Share |
23 August 2017

Movers & Shakers

Meet Melanie Stephenson, diabetes youth advocate and professional athlete

melanie stephensonThe words sport and diabetes aren’t two things you hear said together often, within the diabetes community. But I couldn’t imagine my life with diabetes consisting of one without the other. My name is Melanie Stephenson, I have had type 1 diabetes since the age of 13 and have done athletics since the age of 16. Since then I have represented my country in sport, and carried the Olympic Torch thanks to my passion for the two. Above all doing sport has given me the power, motivation and dedication to manage my diabetes and achieve the things that I want to do in life.

I started athletics because it was something that I enjoyed while I was in school. I was very fortunate during my teenage years that my school did their best to understand my condition and that they never excluded me from participating in sports activities, which included athletics. It was at the regional schools championships that I found I had a talent for sprinting. This is when I decided to take it more seriously and get myself a coach. From there I worked hard to train 4 times a week and manage my diabetes, in order to achieve my best sporting outcomes.

I liked athletics from the start because it helped me lower my blood sugars levels, reduce my insulin requirements, and manage my weight. Athletics also taught me that I could do anything I set my mind to. There were times when healthcare professionals questioned me as to if doing sport was necessary, meaning that without it I would have a more regular routine and simpler regimen for my injections. But I rejected this idea of giving up, and it taught me to be stronger. This positive attitude paid off when I competed in the 100m and 200m sprint events representing my country on over 25 occasions and won one silver and two bronzes at the British Universities championships.

It was then that I approached my local diabetes charity - Diabetes UK to ask if there was anything I could do to use my experience to help others. I became a media ambassador for the charity, charged with providing a positive message about diabetes within the press in the UK. I did and continue to fight the stereotypes imposed on people with diabetes by others. For example myths such as: “if you have diabetes you can’t do sport”, which I’m proof of the fact that you can.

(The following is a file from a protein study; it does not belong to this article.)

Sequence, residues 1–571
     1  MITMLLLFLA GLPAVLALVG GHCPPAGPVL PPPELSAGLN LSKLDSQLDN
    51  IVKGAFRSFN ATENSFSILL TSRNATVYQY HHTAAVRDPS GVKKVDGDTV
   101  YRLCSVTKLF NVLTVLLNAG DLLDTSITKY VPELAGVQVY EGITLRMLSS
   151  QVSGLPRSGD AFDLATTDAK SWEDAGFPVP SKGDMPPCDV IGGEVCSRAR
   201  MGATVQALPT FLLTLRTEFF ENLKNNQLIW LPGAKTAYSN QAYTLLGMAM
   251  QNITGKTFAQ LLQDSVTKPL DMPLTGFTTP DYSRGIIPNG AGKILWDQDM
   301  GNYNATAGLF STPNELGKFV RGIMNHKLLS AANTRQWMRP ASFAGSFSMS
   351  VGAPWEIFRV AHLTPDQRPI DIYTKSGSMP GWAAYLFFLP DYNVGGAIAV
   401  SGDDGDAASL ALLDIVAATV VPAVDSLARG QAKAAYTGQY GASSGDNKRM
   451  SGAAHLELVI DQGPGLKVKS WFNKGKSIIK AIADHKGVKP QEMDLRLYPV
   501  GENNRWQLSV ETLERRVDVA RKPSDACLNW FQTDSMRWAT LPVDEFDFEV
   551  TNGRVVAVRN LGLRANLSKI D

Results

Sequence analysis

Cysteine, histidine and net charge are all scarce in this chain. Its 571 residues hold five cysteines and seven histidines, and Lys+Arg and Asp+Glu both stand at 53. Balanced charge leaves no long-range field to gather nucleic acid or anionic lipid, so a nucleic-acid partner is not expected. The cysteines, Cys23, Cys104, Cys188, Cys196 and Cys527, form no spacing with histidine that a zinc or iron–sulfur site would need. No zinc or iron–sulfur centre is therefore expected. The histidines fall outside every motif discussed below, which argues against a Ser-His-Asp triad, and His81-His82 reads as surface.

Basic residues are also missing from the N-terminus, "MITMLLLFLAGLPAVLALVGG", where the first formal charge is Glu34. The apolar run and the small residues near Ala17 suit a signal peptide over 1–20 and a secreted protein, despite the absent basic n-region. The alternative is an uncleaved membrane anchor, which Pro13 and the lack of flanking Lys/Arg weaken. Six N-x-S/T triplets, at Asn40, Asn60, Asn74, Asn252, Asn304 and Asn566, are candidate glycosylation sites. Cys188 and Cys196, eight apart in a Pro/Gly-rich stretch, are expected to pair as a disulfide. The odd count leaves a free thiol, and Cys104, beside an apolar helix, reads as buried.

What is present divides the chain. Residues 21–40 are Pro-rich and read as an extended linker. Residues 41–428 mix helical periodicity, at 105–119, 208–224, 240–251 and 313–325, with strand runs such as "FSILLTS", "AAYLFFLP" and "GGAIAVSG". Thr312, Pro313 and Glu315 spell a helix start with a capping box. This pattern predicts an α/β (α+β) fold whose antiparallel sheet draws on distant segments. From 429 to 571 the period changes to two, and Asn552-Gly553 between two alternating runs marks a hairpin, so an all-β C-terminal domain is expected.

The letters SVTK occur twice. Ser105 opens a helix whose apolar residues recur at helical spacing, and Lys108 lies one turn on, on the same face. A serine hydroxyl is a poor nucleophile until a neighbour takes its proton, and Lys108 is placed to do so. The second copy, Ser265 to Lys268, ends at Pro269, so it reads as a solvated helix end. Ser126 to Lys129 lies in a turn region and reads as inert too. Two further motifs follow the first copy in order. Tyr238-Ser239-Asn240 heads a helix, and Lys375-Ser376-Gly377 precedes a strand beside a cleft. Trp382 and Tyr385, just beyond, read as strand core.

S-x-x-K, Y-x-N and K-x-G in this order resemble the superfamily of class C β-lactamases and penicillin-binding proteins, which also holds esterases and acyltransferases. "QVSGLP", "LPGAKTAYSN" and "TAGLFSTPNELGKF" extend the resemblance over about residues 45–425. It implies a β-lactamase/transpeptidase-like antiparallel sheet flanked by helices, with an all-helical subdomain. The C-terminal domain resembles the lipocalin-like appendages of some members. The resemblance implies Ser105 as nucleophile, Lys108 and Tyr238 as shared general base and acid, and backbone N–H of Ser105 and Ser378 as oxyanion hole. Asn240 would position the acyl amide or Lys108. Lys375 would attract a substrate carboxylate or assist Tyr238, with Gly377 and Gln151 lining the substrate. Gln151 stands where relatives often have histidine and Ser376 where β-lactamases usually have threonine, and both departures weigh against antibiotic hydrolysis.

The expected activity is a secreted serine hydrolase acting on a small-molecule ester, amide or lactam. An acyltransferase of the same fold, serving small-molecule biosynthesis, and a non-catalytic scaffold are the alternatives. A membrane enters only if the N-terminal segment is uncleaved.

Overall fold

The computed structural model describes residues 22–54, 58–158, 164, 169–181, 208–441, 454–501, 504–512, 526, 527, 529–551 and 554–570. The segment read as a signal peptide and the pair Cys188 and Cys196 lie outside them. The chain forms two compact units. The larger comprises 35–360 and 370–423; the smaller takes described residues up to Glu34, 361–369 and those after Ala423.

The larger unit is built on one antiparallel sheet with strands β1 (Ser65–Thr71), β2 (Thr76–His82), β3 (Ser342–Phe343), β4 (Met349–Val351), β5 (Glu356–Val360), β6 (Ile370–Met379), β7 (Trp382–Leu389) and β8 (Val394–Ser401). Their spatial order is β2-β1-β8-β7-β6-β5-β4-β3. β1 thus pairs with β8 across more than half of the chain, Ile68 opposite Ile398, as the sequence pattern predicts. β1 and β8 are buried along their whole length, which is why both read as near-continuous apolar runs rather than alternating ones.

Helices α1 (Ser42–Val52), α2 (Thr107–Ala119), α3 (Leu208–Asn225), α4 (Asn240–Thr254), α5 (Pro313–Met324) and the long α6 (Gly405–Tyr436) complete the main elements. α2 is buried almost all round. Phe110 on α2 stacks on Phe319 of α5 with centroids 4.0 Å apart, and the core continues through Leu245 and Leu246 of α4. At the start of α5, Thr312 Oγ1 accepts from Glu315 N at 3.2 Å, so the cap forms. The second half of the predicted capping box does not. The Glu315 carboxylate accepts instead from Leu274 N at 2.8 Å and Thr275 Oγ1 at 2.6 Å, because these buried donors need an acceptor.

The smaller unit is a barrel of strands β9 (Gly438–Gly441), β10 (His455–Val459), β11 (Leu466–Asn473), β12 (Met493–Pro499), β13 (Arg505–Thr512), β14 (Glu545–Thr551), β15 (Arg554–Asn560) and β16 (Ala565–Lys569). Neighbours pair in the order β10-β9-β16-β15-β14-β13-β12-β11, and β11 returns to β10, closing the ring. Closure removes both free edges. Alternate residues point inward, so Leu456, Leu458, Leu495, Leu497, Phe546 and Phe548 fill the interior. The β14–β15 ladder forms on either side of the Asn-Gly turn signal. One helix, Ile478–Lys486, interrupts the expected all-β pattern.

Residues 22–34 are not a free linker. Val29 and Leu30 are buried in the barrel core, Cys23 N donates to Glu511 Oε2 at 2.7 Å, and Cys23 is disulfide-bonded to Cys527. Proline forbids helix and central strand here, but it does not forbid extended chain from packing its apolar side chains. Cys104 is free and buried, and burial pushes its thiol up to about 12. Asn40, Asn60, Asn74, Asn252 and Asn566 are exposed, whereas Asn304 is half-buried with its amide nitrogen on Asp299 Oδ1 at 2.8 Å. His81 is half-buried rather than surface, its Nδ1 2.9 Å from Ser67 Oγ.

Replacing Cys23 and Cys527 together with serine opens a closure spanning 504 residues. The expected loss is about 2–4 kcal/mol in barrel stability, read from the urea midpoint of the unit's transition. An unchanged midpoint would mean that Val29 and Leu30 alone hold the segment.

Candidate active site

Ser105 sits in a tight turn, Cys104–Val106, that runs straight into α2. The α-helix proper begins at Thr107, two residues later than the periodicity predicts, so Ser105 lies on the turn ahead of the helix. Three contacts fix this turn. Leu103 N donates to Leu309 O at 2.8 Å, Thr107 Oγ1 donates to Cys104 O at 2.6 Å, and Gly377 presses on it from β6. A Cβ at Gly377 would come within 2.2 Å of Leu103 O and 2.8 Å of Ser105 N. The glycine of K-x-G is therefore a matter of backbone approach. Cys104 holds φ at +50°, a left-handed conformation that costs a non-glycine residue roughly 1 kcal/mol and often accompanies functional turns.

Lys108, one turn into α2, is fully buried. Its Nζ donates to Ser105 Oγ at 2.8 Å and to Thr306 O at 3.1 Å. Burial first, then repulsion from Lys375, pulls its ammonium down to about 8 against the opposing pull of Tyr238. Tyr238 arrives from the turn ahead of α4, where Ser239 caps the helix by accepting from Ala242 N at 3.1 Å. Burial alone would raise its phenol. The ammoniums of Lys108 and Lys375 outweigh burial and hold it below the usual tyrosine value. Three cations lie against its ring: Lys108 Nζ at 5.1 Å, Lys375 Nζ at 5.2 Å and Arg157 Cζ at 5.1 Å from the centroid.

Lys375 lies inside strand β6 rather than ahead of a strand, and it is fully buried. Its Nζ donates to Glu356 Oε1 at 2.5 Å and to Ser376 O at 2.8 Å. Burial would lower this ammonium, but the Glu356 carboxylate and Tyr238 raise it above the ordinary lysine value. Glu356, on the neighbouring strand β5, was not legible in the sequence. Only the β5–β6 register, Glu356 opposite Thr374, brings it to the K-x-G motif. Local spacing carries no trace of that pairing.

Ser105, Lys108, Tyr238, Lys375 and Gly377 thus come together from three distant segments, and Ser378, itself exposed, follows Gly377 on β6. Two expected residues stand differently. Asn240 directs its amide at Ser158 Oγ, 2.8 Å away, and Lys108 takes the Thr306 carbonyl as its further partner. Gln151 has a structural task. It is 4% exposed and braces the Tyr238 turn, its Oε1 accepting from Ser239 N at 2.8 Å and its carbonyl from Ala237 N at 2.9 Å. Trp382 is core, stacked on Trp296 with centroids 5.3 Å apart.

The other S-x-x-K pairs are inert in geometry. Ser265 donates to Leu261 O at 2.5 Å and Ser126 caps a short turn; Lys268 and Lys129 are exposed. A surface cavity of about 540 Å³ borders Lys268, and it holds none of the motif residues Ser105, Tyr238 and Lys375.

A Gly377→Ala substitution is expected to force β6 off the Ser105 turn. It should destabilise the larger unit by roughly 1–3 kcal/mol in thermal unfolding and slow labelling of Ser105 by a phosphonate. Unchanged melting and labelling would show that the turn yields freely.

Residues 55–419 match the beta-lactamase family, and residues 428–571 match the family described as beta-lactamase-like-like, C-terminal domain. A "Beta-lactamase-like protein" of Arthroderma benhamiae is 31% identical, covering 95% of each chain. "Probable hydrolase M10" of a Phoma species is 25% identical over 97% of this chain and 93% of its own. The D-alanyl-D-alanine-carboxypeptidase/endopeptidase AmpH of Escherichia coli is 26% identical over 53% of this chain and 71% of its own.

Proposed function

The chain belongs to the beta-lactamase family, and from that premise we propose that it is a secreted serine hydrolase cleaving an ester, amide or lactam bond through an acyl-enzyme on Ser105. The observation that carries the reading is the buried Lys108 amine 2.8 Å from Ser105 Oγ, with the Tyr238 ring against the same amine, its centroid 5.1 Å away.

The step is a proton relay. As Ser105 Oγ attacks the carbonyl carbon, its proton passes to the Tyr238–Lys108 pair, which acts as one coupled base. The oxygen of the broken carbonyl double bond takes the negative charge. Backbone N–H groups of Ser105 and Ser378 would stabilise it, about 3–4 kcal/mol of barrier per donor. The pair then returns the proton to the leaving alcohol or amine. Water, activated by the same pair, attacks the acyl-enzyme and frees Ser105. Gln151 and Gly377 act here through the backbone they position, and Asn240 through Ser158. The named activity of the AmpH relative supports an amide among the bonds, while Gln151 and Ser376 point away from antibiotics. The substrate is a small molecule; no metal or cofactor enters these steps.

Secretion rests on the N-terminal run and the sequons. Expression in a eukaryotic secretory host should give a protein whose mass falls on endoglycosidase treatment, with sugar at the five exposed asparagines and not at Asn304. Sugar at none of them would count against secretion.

In 2012 Diabetes UK nominated me to carry the Olympic Flame for the London 2012 Olympics as a leader in diabetes and sport. This was a phenomenal opportunity to raise the torch for diabetes and sport in front of 20,000 strong crowd and the world’s press and media.This wonderful opportunity along with my sport has opened so many doors for me, that in turn have allowed me to lead the way for others who want to get involved in sports too or just take control of their own diabetes.

After I carried the torch I began writing a blog about sport and diabetes, sharing my experiences online with the diabetes online community. I was then fortunate enough to attend the IDF Europe Youth Leadership Camp in Italy, which was a great way to get involved with others youth advocates with diabetes from across Europe. After the camp, I decided to start the support group Blue Circle Diabetes, because one thing I’ve learnt from the many people that I’ve met on my sport and diabetes journey is that when people with diabetes come together to share experiences, great things happen.

One of my challenges in life was sport and diabetes. But I would advise others that whatever their own personal challenge is -whether it’s living with diabetes, overcoming difficulties or reaching your goals- just do whatever you can to overcome it, and you will succeed eventually. As the saying goes, you never know what you are capable of until you try.